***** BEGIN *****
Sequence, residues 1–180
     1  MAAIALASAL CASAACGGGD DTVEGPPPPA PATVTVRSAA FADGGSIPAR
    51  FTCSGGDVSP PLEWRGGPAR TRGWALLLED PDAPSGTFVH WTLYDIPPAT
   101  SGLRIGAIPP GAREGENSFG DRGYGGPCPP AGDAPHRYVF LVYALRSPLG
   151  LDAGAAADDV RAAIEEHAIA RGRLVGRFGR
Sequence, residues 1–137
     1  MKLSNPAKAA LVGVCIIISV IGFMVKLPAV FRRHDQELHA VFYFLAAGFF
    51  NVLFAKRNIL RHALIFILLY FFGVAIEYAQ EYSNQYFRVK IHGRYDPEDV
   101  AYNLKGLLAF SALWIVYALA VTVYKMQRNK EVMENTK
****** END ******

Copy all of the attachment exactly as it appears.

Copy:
Sequence, residues 1–180
     1  MAAIALASAL CASAACGGGD DTVEGPPPPA PATVTVRSAA FADGGSIPAR
    51  FTCSGGDVSP PLEWRGGPAR TRGWALLLED PDAPSGTFVH WTLYDIPPAT
   101  SGLRIGAIPP GAREGENSFG DRGYGGPCPP AGDAPHRYVF LVYALRSPLG
   151  LDAGAAADDV RAAIEEHAIA RGRLVGRFGR
Sequence, residues 1–137
     1  MKLSNPAKAA LVGVCIIISV IGFMVKLPAV FRRHDQELHA VFYFLAAGFF
    51  NVLFAKRNIL RHALIFILLY FFGVAIEYAQ EYSNQYFRVK IHGRYDPEDV
   101  AYNLKGLLAF SALWIVYALA VTVYKMQRNK EVMENTK